June 16, 2024

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International Women’s Day Study Links Gender Equality to Life Expectancy: NPR

International Women’s Day Study Links Gender Equality to Life Expectancy: NPR

Protesters march in Berlin to celebrate International Women’s Day on Wednesday.

John MacDougall/AFP via Getty Images


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John MacDougall/AFP via Getty Images

Protesters march in Berlin to celebrate International Women’s Day on Wednesday.

John MacDougall/AFP via Getty Images

Both women and men are more likely to live longer when a country makes steps towards gender equality, according to a New global study which the authors believe is the first of its kind.

The study has been published in the journal PLOS Global Public Health This week, just before International Women’s Day. It adds to growth Research body Turns out, progress in women’s rights Everyone benefits.

“On this International Women’s Day, let’s not forget that evidence demonstrates that strengthening women’s representation across multiple sectors contributes to richer societies and, in turn, healthier societies for all,” said lead author Kat Pinho Gomez, a research fellow at the George Institute for Health. Global and Imperial College London in a statement.

Researchers estimated gender equality in 156 countries using the “Adjusted Global Gender Gap Index,” which is based on an index developed by the World Economic Forum (WEF) between 2010 and 2021. They believe this is the first study to examine the link between that index and the gender gap in life expectancy.

Globally, greater gender equality is associated with longer duration [life expectancy] For both women and men, the gender gap widens [life expectancy]they concluded.

Overall, in 2021, every 10% increase in the adjusted gender gap index was associated with a 4.3-month increase in life expectancy for women and a 3.5-month increase for men, resulting in a larger gender gap of eight months.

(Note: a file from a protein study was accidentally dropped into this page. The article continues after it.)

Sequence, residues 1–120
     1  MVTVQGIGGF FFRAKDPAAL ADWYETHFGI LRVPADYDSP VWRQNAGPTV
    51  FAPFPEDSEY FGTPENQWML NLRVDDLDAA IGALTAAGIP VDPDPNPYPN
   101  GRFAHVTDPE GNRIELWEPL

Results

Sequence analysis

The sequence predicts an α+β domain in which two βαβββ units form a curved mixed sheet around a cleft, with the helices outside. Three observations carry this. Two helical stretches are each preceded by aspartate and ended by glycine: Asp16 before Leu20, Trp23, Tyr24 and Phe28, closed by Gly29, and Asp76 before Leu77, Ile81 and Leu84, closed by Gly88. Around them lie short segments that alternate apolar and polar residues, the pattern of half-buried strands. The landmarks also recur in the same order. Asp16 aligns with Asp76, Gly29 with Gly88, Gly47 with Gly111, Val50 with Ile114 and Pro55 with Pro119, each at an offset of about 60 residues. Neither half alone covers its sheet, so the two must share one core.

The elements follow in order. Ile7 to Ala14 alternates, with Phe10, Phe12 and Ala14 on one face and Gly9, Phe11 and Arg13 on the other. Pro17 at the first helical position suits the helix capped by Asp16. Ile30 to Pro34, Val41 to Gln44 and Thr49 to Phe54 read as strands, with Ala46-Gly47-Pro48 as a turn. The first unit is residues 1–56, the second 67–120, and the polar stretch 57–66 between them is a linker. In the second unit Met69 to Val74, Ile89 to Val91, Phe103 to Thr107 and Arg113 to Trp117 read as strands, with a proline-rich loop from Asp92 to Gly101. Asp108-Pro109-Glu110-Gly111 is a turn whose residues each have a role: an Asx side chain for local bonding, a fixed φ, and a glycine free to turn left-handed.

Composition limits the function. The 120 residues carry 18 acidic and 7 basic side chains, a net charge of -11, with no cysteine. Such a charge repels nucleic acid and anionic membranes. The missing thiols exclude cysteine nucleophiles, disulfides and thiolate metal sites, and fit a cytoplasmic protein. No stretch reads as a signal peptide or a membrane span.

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There was significant variance across geographic regions, with a much narrower gap among high-income countries.

This suggests that gender equality may initially widen the gender gap in life expectancy, the researchers say, “because the benefits of gender equality primarily benefit women’s lives and health.” But the multiplier effect will ultimately benefit men’s longevity, too.

“As countries advance along the continuum of gender equality, the benefits of increasing women’s participation in society extend to men, leading to a greater increase in the number of men [life expectancy] narrowing the gender gap in [life expectancy],” they write.

Education equality has the strongest link to longevity

“Many of the factors that determine how long you will live—such as working and living conditions, exposure to pollution, access to health care, education, income, and social support—are implicated in gender differences around the world,” Benho-Gómez explains.

The World Economic Forum’s Global Gender Gap Index focuses on four dimensions: health, economic opportunity, education, and political leadership.

The researchers focused on the political, economic and educational aspects of gender equality, and found that the latter had the strongest association with increased life expectancy.

It underscores the importance of investing in education, especially in low- and middle-income countries where the resources are, Benho Gomez says Opportunities for girls are still limited.